Essays on Firm Growth and Financing

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The unifying theme of this dissertation is the behaviour of firms over their life cycle, namely regarding their financing and growth, and its macroeconomic implications. My thesis starts from a general question: how should we allocate financial resources to young firms over their first years of activity? On one side, young firms are often small, which may prevent them from accessing financial markets. On the other side, in some sectors, there is high uncertainty regarding the underlying quality of young firms. These issues might deter productive firms from growing over life. Nevertheless, those firms are worth financing from an aggregate perspective. Exploring the conditions under which productive young firms can flourish is a first-order issue to promote a well-functioning productive sector and a good economy-wide performance. Chapter 1 of this dissertation uses micro data on Spanish companies to study the life-cycle behaviour of firm productivity and factor inputs. I find evidence that some firms are expected to grow strongly when young. Moreover, factor input data points to firm-level frictions affecting resource allocation to firms over life. Motivated by empirical findings in Chapter 1, I build a firm-dynamics model in Chapter 2 to study whether firms with a high growth potential at birth manage to realise high growth, or whether they are deterred by the existence of firm-level frictions, namely borrowing constraints. This chapter addresses the firm-level effects of borrowing constraints, as well as their aggregate impact on the Spanish economy. Chapter 3 studies how young, innovative firms make investment, liquidation and sale decisions in a context of high uncertainty. I show that a model where firms learn about their uncertain quality captures documented patterns in the venture capital literature, such as delayed exits and contingent stage financing. Chapter 1. A Life-Cycle Study of Productivity and Factor Allocation of Spanish Firms. The Spanish economy has recently experienced a poor aggregate performance accompanied by the prevalence of low-growth, small firms. This chapter relates these facts to the phenomenon of high-growth-potential firms. I use a rich micro-level dataset containing financial information on companies, and I perform a study of the evolution of firm-level productivity, employment and capital over the life cycle. First, I find that Spanish firms are heterogeneous in their expected growth rates. Second, I find that dynamic life-cycle moments in the data are informative about the allocation of factor inputs to companies, and thus about frictions affecting young firms. Chapter 2. Factor Misallocation and High-Growth Firms in Spain. Motivated by empirical patterns on the life-cycle evolution of productivity and input allocations to firms, I study whether young firms are deterred from growing by borrowing constraints, and its macroeconomic implications. I develop a firm-dynamics general equilibrium model considering a firm-level productivity process and frictions. I calibrate two alternative models, with and without expected-growth-rate heterogeneity, to match data on input life-cycle allocations. In the model with heterogeneous expected growth, high-growth-potential firms are prevented from growing by financial frictions, and eliminating borrowing constraints generates large aggregate gains. In the model without this source of heterogeneity, there are less high-growing firms and aggregate effects from removing financial frictions are smaller. Chapter 3. Venture Capital Investments and Learning over the Life Cycle. The life cycle of young, high-risk entrepreneurial projects and the financing of innovation has become increasingly important for economists, companies and policymakers.The objective of this chapter is to understand how high-risk firms learn over time about their unknown quality, and how this affects firm decisions and financing. I develop a model of the firm that imitates realistic features of young, high-risk companies, such as uncertainty about a firm’s own quality, staged financing, exit strategies, and the realisation of period cash-flows that yield information about the firm’s unobserved quality. The model captures empirical patterns of innovative firms documented in the venture capital literature – namely, delayed exit decisions and investments into companies being contingent on firm-level results over their life. I find that the ability to learn makes investment sensitive to period cash-flows in the model. A high initial quality uncertainty reflects into exit and investment strategies and may motivate firms to perform growth investments. In this context, a higher learning ability increases firm value substantially by motivating experimentation and contingent staged financing.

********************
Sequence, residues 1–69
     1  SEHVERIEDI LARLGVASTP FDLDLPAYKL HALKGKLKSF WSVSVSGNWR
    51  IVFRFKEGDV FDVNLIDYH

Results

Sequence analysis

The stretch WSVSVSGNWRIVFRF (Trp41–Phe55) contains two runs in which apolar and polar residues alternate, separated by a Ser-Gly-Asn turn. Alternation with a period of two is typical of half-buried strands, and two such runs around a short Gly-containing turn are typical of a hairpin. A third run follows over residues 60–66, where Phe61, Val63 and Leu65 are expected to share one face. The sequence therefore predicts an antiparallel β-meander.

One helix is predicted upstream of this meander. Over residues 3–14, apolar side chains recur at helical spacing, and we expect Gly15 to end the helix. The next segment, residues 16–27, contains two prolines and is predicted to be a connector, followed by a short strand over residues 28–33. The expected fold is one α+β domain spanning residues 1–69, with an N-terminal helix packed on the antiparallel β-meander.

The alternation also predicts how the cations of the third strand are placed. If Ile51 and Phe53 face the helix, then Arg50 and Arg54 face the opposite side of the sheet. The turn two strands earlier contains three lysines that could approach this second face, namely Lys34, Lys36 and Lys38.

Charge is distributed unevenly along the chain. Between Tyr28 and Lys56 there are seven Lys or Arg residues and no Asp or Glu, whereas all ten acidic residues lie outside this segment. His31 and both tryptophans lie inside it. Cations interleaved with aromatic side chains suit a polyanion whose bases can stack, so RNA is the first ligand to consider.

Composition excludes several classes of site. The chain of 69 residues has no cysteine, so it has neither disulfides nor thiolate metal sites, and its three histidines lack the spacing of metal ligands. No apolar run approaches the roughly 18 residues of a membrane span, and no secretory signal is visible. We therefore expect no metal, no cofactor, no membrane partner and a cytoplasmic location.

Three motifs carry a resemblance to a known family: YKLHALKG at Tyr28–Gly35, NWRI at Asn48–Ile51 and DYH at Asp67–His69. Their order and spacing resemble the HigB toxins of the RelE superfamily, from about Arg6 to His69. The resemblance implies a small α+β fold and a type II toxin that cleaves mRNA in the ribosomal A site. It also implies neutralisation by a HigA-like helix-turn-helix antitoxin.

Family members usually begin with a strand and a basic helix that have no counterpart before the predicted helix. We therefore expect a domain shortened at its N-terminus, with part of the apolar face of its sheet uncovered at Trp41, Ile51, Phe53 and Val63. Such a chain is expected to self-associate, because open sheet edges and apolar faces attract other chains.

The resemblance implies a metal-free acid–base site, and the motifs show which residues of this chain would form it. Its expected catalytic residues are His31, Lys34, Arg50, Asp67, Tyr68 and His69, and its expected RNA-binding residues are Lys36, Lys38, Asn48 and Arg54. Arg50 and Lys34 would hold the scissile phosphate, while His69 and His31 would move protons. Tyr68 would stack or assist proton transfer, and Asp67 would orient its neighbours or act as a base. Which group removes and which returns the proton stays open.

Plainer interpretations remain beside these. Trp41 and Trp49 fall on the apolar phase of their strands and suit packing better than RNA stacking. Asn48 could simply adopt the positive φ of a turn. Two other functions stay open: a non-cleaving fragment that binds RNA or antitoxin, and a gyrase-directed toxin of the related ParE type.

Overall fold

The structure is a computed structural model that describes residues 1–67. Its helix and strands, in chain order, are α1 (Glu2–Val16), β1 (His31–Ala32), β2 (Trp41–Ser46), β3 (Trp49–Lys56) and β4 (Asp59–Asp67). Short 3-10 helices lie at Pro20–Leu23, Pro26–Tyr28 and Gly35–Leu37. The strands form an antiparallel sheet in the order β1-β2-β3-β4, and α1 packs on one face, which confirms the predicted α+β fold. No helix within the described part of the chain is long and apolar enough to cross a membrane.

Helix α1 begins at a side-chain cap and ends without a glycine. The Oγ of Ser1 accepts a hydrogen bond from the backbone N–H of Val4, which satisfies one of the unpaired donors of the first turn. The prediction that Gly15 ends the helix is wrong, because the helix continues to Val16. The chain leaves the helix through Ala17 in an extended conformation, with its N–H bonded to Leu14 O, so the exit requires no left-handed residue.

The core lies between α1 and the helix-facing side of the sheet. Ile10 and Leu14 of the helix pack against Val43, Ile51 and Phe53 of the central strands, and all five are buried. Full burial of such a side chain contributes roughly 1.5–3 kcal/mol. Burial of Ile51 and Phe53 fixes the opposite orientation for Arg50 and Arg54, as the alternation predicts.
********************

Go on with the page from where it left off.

Economía, Teoría macroeconómica, Teoría de la inversión
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